Many of my patients are noticing more “broken” blood vessels on their faces now that their summer tans have faded. If you’ve ever wondered why you have facial spider veins and how to get rid of them, here’s the scoop:
Facial spider veins are tiny blood vessels (capillaries) that get swollen and become visible through the skin. They’re not actually “broken”—just enlarged. Sun damage can weaken the walls of the veins, making them bulge and visible through the skin. Rosacea and pregnancy can also increase blood flow to the face, making veins swell. In addition, injury and inflammation can trigger the formation of new veins. And, in some people, they’re hereditary.
Facial creams with anti-inflammatory ingredients such as licorice and calendula could potentially reduce excessive blood flow to the affected areas, making veins less obvious. This is the rationale behind many redness-reducing and rosacea creams. In my experience, these work best for newer and very small veins. If the veins are dark red or purple, or if they have been present for years, they are likely to require a prescription or in-office treatment. Some of my patients have good success with Onreltea (brimonidine), a prescription-strength rosacea gel that temporarily shrinks veins for 8-12 hours.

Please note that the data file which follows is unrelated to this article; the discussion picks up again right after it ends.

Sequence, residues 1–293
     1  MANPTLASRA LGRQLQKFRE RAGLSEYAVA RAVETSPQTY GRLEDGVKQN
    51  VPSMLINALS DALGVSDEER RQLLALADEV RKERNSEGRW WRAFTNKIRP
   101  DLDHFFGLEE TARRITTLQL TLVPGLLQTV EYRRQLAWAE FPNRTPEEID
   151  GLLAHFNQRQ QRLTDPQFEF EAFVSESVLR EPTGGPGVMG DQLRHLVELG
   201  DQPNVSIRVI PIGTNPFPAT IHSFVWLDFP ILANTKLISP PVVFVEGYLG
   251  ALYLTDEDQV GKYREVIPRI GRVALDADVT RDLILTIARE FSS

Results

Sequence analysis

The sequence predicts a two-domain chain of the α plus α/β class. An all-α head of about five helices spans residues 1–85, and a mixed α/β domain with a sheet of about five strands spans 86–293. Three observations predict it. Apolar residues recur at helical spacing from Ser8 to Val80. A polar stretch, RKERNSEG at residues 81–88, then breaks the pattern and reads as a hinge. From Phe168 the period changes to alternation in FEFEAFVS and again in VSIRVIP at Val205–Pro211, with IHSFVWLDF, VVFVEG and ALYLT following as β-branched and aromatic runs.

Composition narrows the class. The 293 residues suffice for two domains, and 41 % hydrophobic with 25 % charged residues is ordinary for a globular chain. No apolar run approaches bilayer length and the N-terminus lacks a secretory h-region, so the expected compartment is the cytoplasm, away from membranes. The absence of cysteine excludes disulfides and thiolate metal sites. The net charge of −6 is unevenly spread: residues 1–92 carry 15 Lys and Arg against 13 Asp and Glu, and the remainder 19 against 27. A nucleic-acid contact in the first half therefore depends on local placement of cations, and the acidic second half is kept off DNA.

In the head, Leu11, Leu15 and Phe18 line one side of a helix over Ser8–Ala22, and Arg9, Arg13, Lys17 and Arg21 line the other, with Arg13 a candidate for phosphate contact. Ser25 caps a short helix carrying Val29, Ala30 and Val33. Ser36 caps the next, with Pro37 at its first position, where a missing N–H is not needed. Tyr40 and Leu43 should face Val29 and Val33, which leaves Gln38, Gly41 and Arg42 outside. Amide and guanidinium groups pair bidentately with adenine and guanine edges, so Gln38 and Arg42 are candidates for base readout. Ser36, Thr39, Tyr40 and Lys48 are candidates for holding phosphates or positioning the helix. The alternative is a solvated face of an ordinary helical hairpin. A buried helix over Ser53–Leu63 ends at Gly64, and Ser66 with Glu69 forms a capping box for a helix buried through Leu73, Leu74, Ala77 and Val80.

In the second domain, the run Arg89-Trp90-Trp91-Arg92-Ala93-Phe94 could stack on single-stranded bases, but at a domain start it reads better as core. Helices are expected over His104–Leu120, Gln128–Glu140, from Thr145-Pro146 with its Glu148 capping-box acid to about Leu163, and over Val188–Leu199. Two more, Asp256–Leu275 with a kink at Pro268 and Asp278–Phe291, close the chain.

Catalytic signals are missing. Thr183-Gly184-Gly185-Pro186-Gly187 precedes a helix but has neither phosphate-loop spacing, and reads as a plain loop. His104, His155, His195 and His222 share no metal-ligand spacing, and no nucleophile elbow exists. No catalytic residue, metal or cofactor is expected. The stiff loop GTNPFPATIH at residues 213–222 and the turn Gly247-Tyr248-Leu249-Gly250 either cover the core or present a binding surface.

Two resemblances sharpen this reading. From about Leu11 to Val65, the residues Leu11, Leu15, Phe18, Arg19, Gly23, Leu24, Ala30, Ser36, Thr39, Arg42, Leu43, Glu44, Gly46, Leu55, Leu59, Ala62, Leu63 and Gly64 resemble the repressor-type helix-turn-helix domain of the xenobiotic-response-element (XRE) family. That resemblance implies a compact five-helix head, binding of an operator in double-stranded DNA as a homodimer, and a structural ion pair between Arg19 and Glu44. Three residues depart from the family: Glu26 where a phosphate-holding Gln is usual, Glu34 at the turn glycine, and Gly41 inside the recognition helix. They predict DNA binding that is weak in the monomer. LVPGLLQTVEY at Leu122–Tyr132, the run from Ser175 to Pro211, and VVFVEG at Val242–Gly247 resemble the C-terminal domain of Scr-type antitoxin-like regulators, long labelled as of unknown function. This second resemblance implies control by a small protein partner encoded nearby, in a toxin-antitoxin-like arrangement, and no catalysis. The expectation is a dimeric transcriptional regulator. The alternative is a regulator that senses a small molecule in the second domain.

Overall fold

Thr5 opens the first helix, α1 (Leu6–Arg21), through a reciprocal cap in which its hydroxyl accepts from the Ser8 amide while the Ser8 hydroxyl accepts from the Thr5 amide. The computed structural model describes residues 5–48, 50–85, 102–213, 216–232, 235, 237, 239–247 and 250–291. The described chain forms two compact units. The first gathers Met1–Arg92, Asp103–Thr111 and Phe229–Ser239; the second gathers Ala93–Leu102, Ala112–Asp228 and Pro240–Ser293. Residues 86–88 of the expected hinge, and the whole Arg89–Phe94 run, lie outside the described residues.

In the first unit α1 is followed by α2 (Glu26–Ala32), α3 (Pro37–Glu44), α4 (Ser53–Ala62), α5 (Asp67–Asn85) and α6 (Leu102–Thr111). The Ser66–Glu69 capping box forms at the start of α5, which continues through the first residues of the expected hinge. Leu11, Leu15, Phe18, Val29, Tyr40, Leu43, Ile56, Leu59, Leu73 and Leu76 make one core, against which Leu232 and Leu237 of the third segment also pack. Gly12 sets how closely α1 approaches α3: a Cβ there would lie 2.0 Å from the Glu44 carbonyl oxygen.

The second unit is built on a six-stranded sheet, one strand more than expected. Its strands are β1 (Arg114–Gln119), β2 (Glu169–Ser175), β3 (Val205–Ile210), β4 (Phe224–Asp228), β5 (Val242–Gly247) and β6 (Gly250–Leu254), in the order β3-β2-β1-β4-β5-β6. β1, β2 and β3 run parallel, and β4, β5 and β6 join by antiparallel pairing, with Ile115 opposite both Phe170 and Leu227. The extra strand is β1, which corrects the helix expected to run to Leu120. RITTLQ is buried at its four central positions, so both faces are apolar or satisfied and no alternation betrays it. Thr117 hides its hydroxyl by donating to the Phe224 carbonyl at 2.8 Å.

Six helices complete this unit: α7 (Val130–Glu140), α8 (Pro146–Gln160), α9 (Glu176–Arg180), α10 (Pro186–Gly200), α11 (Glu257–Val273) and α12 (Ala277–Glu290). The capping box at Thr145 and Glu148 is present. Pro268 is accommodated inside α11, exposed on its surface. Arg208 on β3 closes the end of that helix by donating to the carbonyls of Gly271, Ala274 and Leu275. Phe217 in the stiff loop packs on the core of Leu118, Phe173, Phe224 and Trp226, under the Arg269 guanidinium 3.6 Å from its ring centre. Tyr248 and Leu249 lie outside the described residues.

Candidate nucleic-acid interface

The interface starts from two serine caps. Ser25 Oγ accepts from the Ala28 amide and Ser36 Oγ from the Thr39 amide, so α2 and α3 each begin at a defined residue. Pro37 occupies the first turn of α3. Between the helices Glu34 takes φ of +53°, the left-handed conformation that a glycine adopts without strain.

In my office, I often treat small facial veins with my Elos Plus laser, a type of Intense Pulsed Light (IPL) laser, which also reduces overall redness, shrinks pores, and improves skin texture. Larger individual veins can be treated with the V-Beam or Diolite lasers. In some cases, I inject facial spider veins with a sclerotherapy solution to shrink them.
I also advise my patients to avoid heat (steaming hot drinks, long hot showers, hot washcloths, hot steam and saunas) because these will increase blood flow, possibly making the spider veins larger. Instead, keep cool by drinking cold beverages and blot your face with a cold washcloth when exercising.